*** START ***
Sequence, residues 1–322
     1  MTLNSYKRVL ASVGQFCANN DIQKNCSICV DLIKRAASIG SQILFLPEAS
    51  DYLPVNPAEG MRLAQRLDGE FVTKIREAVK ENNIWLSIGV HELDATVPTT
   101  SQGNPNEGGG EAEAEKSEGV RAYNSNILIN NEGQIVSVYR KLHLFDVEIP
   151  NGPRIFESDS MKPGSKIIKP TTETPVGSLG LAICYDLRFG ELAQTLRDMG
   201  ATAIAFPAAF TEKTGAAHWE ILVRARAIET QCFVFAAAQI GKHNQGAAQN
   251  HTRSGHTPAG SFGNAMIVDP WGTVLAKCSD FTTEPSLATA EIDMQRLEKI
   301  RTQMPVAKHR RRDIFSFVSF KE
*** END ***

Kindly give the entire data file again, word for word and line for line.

Sequence, residues 1–322
     1  MTLNSYKRVL ASVGQFCANN DIQKNCSICV DLIKRAASIG SQILFLPEAS
    51  DYLPVNPAEG MRLAQRLDGE FVTKIREAVK ENNIWLSIGV HELDATVPTT
   101  SQGNPNEGGG EAEAEKSEGV RAYNSNILIN NEGQIVSVYR KLHLFDVEIP
   151  NGPRIFESDS MKPGSKIIKP TTETPVGSLG LAICYDLRFG ELAQTLRDMG
   201  ATAIAFPAAF TEKTGAAHWE ILVRARAIET QCFVFAAAQI GKHNQGAAQN
   251  HTRSGHTPAG SFGNAMIVDP WGTVLAKCSD FTTEPSLATA EIDMQRLEKI
   301  RTQMPVAKHR RRDIFSFVSF KE